by The Other Katherine Harris
The Other Katherine Harris’s blog
May 18, 2008
“Crime doesn’t pay, but we do,” advertise police in Jacksonville, Florida. This and similar campaigns from coast to coast have created a new cottage industry for the downtrodden: turning in their friends, neighbors and even family members. As Sgt, Zachary Self, who answers Crime Stoppers calls in Macon, Georgia, and recognizes the voices of those who’ve phoned before, observed, “Two or three arrests per week, you could make $700, $750 … better than a minimum-wage job.”
Actually, the take varies from market to market and can be as little as $50 per arrest, but there’s the possibility of a bonus, should a gun be recovered, and these pittances can add up for those who move in certain circles. The real profit, however, stands to be made by the corporate prison industry. No doubt they’re thrilled that tips are up from 25 to 44 percent for the first quarter of 2008, over the same period last year. It’s another blessing of recession for those who run our world. “We’re kind of banking on that, really,” admitted Trish Rouette, Crime Stoppers coordinator in Florida’s Lee County, site of our nation’s top home foreclosure rate in February and March and the recent loss of a vast number of construction jobs.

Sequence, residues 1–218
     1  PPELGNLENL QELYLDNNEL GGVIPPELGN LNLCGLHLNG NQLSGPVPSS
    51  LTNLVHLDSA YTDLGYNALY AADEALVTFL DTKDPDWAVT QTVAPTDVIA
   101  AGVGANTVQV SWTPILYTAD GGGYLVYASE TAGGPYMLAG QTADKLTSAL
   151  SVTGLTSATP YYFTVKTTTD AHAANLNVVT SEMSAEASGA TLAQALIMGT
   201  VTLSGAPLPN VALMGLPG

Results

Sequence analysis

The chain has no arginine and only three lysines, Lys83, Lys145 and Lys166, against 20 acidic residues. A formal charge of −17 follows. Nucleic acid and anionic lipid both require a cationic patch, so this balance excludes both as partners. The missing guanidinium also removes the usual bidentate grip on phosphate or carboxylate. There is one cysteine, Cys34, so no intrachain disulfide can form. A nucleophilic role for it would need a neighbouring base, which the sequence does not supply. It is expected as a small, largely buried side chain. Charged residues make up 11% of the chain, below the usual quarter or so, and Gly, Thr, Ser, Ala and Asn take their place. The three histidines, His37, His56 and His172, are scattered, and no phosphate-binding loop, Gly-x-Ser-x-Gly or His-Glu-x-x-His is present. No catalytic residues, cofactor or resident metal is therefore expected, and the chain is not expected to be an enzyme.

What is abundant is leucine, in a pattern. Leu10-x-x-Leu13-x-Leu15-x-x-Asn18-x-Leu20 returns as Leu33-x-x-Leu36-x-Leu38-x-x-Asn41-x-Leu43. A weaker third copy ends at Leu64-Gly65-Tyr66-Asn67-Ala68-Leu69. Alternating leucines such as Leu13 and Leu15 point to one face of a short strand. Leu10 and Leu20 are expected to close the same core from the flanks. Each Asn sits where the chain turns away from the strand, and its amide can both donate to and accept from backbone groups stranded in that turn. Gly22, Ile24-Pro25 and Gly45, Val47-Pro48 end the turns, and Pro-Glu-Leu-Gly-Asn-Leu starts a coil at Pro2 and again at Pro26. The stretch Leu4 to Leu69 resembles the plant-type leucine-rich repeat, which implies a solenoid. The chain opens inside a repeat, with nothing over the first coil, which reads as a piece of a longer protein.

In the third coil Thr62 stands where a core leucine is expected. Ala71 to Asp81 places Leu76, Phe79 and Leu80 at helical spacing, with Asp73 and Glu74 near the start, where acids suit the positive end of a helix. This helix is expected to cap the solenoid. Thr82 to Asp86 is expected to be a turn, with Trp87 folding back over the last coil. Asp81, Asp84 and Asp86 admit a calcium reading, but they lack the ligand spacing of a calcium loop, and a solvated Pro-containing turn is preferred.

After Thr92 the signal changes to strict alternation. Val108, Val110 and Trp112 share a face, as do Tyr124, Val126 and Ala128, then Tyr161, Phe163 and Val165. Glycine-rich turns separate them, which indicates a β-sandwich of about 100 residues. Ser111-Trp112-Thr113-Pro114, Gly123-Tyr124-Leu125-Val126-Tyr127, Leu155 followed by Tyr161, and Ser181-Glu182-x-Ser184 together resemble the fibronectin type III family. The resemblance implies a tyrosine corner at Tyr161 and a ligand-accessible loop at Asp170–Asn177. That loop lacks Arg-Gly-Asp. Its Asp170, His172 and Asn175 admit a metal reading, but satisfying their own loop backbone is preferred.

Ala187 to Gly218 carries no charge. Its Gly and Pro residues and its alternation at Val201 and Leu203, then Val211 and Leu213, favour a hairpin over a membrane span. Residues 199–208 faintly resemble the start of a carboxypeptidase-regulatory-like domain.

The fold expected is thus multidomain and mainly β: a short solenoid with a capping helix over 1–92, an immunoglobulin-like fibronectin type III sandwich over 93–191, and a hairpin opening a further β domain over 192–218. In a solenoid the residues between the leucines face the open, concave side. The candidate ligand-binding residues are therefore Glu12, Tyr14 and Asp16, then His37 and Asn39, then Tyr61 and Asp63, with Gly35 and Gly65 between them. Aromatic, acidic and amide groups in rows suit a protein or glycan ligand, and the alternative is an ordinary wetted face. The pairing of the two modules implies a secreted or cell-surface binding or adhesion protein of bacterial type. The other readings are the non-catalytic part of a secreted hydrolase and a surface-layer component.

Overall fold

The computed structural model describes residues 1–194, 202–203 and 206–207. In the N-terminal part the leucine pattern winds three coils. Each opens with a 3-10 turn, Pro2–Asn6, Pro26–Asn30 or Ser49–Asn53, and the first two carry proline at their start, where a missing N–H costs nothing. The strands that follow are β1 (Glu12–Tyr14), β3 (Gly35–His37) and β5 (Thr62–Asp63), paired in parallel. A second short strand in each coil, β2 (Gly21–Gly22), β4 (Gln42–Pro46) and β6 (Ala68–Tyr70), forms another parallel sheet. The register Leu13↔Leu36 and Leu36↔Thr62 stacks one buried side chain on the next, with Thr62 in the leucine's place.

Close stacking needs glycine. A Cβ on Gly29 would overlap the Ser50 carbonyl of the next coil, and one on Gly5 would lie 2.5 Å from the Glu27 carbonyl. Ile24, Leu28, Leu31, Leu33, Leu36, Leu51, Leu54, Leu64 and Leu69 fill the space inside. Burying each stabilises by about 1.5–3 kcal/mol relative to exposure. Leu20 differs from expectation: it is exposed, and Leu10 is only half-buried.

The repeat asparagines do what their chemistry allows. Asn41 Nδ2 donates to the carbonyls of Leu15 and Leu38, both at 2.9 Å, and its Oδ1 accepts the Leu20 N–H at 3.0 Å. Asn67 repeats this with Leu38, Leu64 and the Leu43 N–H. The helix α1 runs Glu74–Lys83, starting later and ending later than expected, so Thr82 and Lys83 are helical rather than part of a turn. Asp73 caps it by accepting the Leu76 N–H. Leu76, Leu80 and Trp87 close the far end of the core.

This shocking account, which evokes the glory days of Hitler Youth, is in today’s New York Times — an edition that also reported on a new crime museum in Washington, DC. Among the family attractions of this neocon freak show will be information on how to report crime, as well as opportunities to watch Fox TV’s John Walsh host “America’s Most Wanted” and to participate in the virtual shooting of a suspect. Its creator, John Morgan, owns various amusement parks and a Florida law firm and believes, ”We as Americans, we as people, have a deep, deep fascination with crime and punishment.”
Although I personally attribute the semblance of that sad obsession to a tedious superfluity of crime-based TV shows and films and would love to see them all vanish, the Times tells us a “somewhat similar National Law Enforcement Museum is slated to open” in the vicinity of Morgan’s venue.
Can anyone seriously doubt that all the crime hype is just another circus to distract us while the Masters of Universe continue to impoverish the public – even to such an extreme that many will spy for the police state to make their rent or keep the lights on? Mind you, I’m no apologist for those who commit serious offenses, but the bulk of this is bound to concern victimless, drug-oriented rubbish and we already have far too many non-criminals behind bars.